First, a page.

chronic diseases, nurse-led clinics, diabetes, hypertension, epilepsy, asthma, primary health care, Cameroon, sub-Saharan Africa
Background: This article describes the setting-up process for nurse-led pilot clinics for the management of four chronic diseases: asthma, type 2 diabetes mellitus, epilepsy and hypertension at the primary health care level in urban and rural Cameroon. Methods: The Biyem-Assi urban and the Bafut rural health districts in Cameroon served as settings for this study. International and local guidelines were identified and adapted to the country’s circumstances. Training and follow-up tools were developed and nurses trained by experienced physicians in the management of the four conditions. Basic diagnostic and follow-up materials were provided and relevant essential drugs made available. Results: Forty six nurses attended six training courses. By the second year of activity, three and four clinics were operational in the urban and the rural areas respectively. By then, 925 patients had been registered in the clinics. This represented a 68.5% increase from the first year. While the rural clinics relied mainly on essential drugs for their prescriptions, a prescription pattern combining generic and proprietary drugs was observed in the urban clinics.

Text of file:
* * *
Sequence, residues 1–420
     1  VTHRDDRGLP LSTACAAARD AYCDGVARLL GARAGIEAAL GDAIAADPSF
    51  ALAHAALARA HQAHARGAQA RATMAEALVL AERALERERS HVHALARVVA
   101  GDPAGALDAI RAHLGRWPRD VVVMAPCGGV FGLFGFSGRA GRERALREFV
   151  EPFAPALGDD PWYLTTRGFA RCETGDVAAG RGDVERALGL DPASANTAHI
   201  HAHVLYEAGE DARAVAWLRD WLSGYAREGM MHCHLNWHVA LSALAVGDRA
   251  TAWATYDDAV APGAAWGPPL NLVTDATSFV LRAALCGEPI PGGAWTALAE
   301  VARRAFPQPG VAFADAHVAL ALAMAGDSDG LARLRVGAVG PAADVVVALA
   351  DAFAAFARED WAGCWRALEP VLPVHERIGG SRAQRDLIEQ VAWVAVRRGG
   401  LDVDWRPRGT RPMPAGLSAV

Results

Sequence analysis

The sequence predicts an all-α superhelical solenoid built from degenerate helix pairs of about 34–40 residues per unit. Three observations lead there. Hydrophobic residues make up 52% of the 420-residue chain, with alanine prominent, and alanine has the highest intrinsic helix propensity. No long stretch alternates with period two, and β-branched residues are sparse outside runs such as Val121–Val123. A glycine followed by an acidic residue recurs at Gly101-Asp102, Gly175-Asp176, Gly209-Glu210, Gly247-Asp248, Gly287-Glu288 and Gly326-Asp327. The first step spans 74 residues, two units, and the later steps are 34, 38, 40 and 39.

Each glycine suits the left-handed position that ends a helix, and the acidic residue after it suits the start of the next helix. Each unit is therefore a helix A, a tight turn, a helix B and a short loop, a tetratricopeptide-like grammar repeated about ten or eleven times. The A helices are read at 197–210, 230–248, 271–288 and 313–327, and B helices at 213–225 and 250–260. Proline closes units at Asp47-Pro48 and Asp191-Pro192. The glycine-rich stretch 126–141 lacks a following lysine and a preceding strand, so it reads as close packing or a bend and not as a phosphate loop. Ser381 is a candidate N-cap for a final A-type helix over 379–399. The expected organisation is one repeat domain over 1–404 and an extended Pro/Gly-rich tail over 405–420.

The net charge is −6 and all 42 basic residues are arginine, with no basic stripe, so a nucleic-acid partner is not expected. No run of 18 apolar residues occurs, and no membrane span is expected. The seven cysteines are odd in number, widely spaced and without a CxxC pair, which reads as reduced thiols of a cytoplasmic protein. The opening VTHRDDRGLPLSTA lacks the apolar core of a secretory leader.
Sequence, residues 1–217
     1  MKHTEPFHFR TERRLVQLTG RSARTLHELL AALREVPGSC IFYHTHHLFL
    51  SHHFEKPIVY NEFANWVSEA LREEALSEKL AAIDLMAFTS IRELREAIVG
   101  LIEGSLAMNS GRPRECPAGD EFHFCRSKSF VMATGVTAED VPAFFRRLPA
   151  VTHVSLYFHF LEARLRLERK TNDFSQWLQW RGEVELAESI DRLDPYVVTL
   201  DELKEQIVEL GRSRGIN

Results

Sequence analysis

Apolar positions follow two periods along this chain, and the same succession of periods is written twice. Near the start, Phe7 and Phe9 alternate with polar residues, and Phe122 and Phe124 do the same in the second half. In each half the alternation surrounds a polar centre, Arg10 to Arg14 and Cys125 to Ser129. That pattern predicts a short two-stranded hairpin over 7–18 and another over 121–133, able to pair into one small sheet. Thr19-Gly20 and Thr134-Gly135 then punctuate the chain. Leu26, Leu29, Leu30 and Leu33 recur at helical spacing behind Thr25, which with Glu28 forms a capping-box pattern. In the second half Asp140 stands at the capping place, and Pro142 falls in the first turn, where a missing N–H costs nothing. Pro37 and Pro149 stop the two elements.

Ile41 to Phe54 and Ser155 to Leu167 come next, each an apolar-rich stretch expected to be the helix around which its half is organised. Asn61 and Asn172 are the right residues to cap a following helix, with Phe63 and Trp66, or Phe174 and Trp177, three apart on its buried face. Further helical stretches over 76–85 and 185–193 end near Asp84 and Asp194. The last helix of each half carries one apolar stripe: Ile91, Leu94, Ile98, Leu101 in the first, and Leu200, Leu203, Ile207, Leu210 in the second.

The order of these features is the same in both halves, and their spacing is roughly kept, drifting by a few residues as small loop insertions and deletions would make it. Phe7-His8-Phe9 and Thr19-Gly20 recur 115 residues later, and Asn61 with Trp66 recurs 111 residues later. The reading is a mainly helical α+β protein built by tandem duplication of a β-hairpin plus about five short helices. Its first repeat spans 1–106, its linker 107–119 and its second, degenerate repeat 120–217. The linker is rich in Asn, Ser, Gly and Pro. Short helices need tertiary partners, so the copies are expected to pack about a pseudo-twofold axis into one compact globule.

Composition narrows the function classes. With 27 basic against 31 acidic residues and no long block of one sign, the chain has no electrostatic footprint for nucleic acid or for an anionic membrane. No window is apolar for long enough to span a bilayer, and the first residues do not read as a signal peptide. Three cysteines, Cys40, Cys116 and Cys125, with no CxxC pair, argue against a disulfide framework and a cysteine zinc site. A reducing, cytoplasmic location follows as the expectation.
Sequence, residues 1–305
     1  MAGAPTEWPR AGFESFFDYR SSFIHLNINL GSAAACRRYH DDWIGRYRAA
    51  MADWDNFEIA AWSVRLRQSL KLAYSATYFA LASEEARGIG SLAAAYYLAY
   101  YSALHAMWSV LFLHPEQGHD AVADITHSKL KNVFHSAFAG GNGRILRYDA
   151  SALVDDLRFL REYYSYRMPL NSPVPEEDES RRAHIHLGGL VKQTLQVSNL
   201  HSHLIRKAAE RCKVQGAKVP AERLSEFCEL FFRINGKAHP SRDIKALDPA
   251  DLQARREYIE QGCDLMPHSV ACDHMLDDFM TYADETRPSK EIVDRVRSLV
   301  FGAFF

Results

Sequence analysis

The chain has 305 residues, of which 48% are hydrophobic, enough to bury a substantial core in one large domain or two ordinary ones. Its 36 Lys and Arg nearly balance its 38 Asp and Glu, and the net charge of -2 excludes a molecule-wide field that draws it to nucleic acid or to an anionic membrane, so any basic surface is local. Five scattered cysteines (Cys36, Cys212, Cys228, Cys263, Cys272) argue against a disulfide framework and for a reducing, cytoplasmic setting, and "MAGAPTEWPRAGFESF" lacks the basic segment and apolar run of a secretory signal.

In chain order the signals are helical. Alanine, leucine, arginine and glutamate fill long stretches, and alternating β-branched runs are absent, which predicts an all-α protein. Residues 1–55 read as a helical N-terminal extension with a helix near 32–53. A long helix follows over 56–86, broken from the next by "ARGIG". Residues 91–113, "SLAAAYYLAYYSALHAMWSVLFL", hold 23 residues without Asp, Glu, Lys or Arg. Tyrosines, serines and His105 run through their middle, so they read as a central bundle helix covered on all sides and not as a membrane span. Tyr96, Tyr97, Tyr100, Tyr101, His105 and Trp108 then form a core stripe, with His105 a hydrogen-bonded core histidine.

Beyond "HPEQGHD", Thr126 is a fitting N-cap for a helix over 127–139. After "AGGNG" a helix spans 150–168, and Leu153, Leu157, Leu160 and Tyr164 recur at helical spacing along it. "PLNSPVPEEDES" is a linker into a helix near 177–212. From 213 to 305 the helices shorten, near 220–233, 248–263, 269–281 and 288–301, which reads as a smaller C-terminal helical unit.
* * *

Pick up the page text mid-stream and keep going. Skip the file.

Conclusion: In the quest for cost-effective health care for NCD in sub-Saharan Africa, rethinking health workforce and service delivery has relevance. Nurse-led clinics, algorithm driven service delivery stands as alternatives to overcome the shortage of trained physicians and other issues relating to access to care.
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